I was making a delivery to a lady in a low-income apartment complex that housed mostly immigrants and senior citizens. Many who receive these care packages are truly touched by the gesture and offer enthusiastic words of thanks. This lady was no exception. 

I handed over the goods to her and ended our courteous exchange by wishing her a “chag sameach” (happy holiday). As I was walking away, I heard footsteps and shouting behind me. The lady wanted to thank me yet again, and with tears in her eyes she forced some chocolate bars and kiwi fruits into my hands. 

I realized this lady impacted me not because I left her home with treats of my own. It was because she wanted to express her gratitude with her own act of generosity. She was living in low-income housing and was on the organization’s list of those in need. She was fit to receive a holiday care package, and yet, she was moved to give of whatever little she had. 

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I hope this story inspires you as much as it inspired me. Generosity is a state of the heart, not of one’s wallet. We rest in the knowledge that God is the provider of all things. He is gracious and loves to bless His children. Confident in His provision, we give liberally out of it.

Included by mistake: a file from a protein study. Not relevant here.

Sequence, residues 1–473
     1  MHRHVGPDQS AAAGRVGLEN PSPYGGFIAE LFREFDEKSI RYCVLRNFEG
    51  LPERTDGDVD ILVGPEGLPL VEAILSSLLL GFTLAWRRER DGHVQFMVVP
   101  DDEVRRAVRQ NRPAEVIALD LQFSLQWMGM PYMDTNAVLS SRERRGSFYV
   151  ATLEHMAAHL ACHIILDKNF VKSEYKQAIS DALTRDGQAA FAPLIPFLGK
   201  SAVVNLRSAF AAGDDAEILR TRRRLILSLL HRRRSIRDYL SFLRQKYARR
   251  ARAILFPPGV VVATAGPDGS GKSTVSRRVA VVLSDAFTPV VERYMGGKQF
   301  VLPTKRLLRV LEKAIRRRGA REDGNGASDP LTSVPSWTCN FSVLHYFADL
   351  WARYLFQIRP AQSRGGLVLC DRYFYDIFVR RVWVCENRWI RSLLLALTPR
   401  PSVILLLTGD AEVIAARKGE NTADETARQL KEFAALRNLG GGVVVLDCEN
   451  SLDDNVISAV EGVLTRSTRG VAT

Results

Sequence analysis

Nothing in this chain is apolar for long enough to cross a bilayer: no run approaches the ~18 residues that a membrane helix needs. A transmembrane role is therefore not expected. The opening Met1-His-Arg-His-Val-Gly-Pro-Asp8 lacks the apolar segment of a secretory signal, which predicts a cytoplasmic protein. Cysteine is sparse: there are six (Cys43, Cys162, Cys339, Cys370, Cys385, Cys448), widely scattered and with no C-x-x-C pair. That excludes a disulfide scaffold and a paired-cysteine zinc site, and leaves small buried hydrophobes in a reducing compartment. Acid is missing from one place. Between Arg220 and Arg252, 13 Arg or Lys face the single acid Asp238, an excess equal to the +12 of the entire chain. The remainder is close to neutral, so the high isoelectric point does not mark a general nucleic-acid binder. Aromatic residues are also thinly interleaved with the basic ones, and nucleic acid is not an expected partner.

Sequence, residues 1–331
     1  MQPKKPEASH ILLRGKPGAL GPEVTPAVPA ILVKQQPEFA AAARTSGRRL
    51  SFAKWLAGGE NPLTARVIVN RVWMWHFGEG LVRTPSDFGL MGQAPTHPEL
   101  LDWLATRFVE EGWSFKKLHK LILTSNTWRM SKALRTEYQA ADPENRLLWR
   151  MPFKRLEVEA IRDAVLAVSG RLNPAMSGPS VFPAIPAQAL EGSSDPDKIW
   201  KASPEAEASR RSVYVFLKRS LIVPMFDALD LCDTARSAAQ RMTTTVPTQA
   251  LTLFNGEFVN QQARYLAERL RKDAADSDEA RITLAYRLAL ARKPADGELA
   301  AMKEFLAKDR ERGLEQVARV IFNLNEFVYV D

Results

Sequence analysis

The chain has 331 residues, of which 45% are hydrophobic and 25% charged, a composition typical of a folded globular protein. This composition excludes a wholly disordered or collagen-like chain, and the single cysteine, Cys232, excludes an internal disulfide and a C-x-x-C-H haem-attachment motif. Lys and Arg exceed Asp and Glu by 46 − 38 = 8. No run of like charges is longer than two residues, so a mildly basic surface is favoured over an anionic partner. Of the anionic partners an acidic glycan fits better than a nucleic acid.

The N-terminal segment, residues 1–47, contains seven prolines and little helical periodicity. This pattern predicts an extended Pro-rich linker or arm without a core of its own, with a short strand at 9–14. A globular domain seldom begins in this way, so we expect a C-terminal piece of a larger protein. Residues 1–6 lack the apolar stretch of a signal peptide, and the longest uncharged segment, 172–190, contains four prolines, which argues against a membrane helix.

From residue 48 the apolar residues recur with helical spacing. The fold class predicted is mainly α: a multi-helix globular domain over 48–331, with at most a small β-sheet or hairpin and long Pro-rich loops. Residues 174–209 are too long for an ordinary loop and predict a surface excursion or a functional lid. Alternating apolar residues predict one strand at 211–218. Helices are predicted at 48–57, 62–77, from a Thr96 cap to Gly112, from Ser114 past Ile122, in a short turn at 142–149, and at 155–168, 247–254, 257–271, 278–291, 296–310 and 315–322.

We are generous, because God has been and continues to be generous with us. He lavished His love on us, and this should cause us to respond in kind, in every aspect of life.  

See how God used one generous pastor to spark a global movement to lift up the name above all names:




  1. Hayford, Jack. “Profit, Property and Possessiveness.” Jackhayfordlibrary.com, 25 Feb. 1979. 
Avital Snow
Avital Snow is a second-generation Jewish Believer, and is joyfully married to her husband Travis. She serves as the Coordinator of Messianic Jewish Studies at The King’s University and relishes the opportunity to play hostess, dabble in floral arranging and conduct baking experiments in her free time. Avital and Travis live in Dallas, Texas.